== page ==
The vaults of the Paris Opéra hide a hideous secret, and it’s revealed with theatrical flourish in this lavish new Folio edition.
Illustrated by Angela Barrett
Introduced by John Banville
Lavishly illustrated by Angela Barrett and beautifully bound in blocked cloth, this new Folio Society edition of Bram Stoker’s Dracula is a fitting tribute to a gothic masterpiece.
‘Listen to them – the children of the night. What music they make!’
Bram Stoker’s masterpiece, in which the instantly recognisable Count Dracula plans to sate his dreadful appetites in England only to be thwarted by an intrepid band of friends, remains an enthralling read. Exploring themes of sexuality, religion, technology and good versus evil, and told through journal entries, letters and telegrams, its cultural and literary significance is undisputed. This collector’s edition includes 15 darkly mesmerising illustrations by acclaimed British artist Angela Barrett, each decorated with an exquisite border. The illustrations accentuate the sense of foreboding and despair in Stoker’s narrative, while the metallic-blocked binding and blood-red marbling on the slipcase complete this sumptuous new edition of the classic 19th-century horror.
Bound in blocked cloth
Set in Clifford with Bernard as display
Frontispiece and 14 full-page colour illustrations with gold, black & white borders, 10 black and white tailpieces
10˝ x 6¾˝
‘The nineteenth is my favourite century and, as with Stoker, “London is my dream”, but also forests and snow and the dark corners. I couldn’t have liked it more.’
- Angela Barrett
Handpicked for her ethereal interpretations of the darker fairy tales as the perfect artist to illustrate Dracula, Angela Barrett has created remarkable work which is interwoven through this lavishly illustrated edition. Originally created for our sell-out limited edition, the 15 atmospheric illustrations invite the reader to look deeper – from the delicate webbing of a bat’s wing to the arresting portrait of the Count. Barrett’s gothic theme continues to the metallic gold-and-red blocked binding motifs, while the swirl of the blood-red marbling on the slipcase is deliciously macabre. The edition is introduced by Irish novelist John Banville, who reflects on Stoker’s life and the circumstances and influences that led to Dracula becoming not only his most successful novel, but also revered as one of the greatest horror stories ever written.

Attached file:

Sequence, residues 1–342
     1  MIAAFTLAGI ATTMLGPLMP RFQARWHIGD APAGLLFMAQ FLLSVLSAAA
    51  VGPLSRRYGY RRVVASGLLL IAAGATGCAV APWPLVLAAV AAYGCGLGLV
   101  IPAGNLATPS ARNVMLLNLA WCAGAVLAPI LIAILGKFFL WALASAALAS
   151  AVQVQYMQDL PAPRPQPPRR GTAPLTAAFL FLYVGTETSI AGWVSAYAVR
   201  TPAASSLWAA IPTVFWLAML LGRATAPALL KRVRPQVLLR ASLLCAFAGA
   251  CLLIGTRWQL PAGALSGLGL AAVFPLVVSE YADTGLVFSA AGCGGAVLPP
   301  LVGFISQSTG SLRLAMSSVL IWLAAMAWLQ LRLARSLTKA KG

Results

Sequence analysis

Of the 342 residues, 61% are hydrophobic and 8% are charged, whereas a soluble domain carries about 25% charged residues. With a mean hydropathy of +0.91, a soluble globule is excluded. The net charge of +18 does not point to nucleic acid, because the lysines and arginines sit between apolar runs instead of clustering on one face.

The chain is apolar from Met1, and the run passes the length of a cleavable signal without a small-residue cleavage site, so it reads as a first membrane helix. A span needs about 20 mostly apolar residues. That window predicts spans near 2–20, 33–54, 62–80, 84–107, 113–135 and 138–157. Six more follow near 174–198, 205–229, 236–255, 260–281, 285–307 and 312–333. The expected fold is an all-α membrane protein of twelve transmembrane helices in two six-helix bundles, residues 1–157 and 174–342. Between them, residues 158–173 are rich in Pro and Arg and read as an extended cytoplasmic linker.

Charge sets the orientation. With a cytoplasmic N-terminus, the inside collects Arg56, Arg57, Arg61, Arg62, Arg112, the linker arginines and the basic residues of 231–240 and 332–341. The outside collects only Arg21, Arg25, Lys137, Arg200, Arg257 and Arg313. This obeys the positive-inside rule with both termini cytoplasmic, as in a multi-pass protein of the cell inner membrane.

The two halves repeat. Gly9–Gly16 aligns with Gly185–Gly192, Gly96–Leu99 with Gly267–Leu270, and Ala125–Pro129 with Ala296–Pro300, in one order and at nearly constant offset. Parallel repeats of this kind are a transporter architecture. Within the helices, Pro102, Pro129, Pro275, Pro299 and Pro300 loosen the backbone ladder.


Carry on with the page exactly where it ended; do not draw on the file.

Bram Stoker (1847–1912) was born in Dublin and graduated from Trinity College with BA and MA degrees. After working as a theatre critic, he escaped the monotony of a career in the Irish Civil Service by accepting the job of manager of the Lyceum Theatre in London, which he ran for 27 years. Through the actor Henry Irving (who owned the Lyceum), Stoker became acquainted with leading artistic figures of the day, including Arthur Conan Doyle, and he also travelled widely with Irving, for many years spending summer holidays on the Aberdeenshire coast, where he would concentrate on writing. Dracula was his fifth novel, and it was to have an impact and an enduring appeal its author could never have foreseen. Inspired by a visit to the Yorkshire coastal town of Whitby and Stoker’s research into Central European folklore, the novel reinvigorated the genre of horror literature and has inspired countless adaptations in film and other media. Bram Stoker died at his home in St George’s Square, Pimlico, in 1912.
Angela Barrett is a writer and illustrator – using watercolour, gouache, coloured pencils and ink – who studied at Maidstone College of Art and the Royal College of Art. She has illustrated a number of picture books and children’s novels, and is particularly well known for her work on fairy tales. One of Britain’s most respected illustrators of children’s books, she is the winner of a WH Smith Illustration Award and a Smarties Prize, and has been shortlisted for the Kate Greenaway Medal. Barrett has taught illustration at Cambridge College of Technology and drawing at Chelsea College of Arts.
John Banville was born in Wexford, Ireland, in 1945. He joined The Irish Press as a sub-editor in 1969 and continued to work in journalism for over 30 years. He won the Man Booker Prize for The Sea in 2005, the Franz Kafka Prize in 2011 and the Irish PEN Award for Outstanding Achievement in Irish Literature in 2013. He has also published numerous crime novels under the pseudonym Benjamin Black.
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